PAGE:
Report from NASCI: Cardiovascular MRA applications without contrast media address NSF fears

October 9, 2007

Optimized high-field MR angiography sequences that eliminate the need for contrast agents could replace conventional contrast-enhanced MRA for evaluation of major arteries and veins of the thoracic region, according to two studies presented Oct. 6 at the 2007 North American Society for Cardiac Imaging meeting in Washington, DC.

Optimized high-field MR angiography sequences that eliminate the need for contrast agents could replace conventional contrast-enhanced MRA for evaluation of major arteries and veins of the thoracic region, according to two studies presented Oct. 6 at the 2007 North American Society for Cardiac Imaging meeting in Washington, DC.

Noncontrast MRA may provide an alternative imaging approach for patients who risk developing nephrogenic systemic fibrosis and other contrast-related complications, said coauthor Dr. Anderanik Tomasian, a radiologist at the University of California, Los Angeles. Tomasian presented the data in a plenary session and at NASCI's scientific poster competition.

Tomasian and colleagues enrolled 30 consecutive patients with known or suspected thoracic aortic disease. These patients underwent free-breathing ECG-gated steady-state free precession (SSFP) noncontrast MRA and high-resolution 3D contrast-enhanced MRA of the thorax.

The investigators read the enhanced and unenhanced MRA data to check for pathology and to evaluate image quality from four aortic segments (root, arch, ascending and descending aorta) obtained at 1.5T. They found that noncontrast MRA with SSFP provided sufficient vascular delineation and signal-to-noise ratios to support the diagnosis of thoracic aortic disease.

Two readers diagnosed aneurysms of the ascending aorta in 12 patients using noncontrast SSFP MRA. They also confirmed root dilatation and coarctation in seven and three patients, respectively. The unenhanced MRA data also helped the diagnosis of one patient with mural thrombosis of the aortic arch and three patients with aortic dissection. Total scanning time with this sequence ranged from five to 10 minutes.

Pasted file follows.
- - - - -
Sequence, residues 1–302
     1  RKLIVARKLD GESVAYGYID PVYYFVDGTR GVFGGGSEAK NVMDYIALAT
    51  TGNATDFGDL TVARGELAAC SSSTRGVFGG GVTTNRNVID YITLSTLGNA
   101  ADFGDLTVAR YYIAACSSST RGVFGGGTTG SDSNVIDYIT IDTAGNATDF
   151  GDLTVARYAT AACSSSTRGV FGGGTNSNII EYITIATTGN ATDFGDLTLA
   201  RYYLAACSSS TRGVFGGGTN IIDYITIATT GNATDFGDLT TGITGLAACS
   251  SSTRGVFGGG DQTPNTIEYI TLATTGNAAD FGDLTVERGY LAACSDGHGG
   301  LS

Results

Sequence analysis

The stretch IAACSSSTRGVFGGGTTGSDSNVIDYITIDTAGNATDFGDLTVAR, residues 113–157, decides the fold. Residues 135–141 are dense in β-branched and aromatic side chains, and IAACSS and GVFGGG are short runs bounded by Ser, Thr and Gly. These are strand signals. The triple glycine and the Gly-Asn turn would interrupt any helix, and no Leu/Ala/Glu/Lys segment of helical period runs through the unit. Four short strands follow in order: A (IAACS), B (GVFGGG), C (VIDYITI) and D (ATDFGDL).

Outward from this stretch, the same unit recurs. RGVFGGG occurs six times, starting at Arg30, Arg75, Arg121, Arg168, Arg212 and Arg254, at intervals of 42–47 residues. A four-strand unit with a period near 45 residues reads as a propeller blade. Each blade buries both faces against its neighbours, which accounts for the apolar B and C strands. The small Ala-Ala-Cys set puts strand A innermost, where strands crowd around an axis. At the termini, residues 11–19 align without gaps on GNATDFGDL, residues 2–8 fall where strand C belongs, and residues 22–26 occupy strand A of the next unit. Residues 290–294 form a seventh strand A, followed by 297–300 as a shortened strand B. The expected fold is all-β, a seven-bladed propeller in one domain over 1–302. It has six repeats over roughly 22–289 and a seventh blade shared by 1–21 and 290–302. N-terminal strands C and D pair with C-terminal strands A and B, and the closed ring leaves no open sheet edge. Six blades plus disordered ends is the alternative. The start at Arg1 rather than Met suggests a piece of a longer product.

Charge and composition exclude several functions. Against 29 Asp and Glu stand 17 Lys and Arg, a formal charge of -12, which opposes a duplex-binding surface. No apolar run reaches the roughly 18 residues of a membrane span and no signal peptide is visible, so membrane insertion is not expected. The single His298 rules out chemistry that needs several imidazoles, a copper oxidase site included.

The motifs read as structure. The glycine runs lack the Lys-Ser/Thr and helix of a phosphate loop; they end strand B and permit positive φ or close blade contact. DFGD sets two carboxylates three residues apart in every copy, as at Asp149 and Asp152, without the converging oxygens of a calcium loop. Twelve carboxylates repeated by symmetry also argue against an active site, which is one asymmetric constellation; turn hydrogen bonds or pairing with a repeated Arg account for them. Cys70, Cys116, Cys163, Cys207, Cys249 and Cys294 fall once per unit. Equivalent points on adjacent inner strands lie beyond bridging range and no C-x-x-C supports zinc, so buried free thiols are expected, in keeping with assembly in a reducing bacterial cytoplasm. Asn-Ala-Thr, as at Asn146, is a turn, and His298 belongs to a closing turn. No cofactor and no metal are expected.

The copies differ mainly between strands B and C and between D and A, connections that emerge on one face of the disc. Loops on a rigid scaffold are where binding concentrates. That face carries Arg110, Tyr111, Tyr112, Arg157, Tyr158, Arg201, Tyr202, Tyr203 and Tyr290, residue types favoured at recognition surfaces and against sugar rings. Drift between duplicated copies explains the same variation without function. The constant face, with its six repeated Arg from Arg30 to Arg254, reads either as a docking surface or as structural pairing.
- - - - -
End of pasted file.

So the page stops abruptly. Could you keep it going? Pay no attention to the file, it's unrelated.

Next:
The investigators found that the noncontrast MRA approach provided higher SNR than contrast-enhanced MRA in all aortic segments. As a result, there was no significant difference between readers in their ability to visualize ascending/descending aorta, the aortic arch, or the motion artifacts affecting these vessels. The noncontrast MRA sequence afforded a higher visibility of the aortic root compared to the other aortic segments. The difference was statistically significant (p

The UCLA team assessed the feasibility of the noncontrast MRA technique in another paper focused on the central chest veins of the same set of 30 patients with known or suspected cardiovascular disease of the thorax. Researchers evaluated noncontrast SSFP scans of eight venous segments and artifacts and compared their results with conventional contrast-enhanced MR.

Two readers successfully evaluated 240 venous segments from both noncontrast and contrast-enhanced data sets. They correctly diagnosed dilatation/thrombosis and coronary sinus drainages of the superior vena cava in one and five patients, respectively. They also confirmed the patency of pulmonary artery and inferior vena cava shunts in five patients.

Again, the investigators found no statistically significant difference between readers in their ability to visualize all venous segments using contrast or noncontrast MRA.

"Noncontrast SSFP MRA provides sufficient vascular visibility to support confident diagnosis. This emerging technique appears to be valuable in the morphological evaluation of central thoracic veins in various diseases, including veno-occlusive pathologies," Tomasian said.

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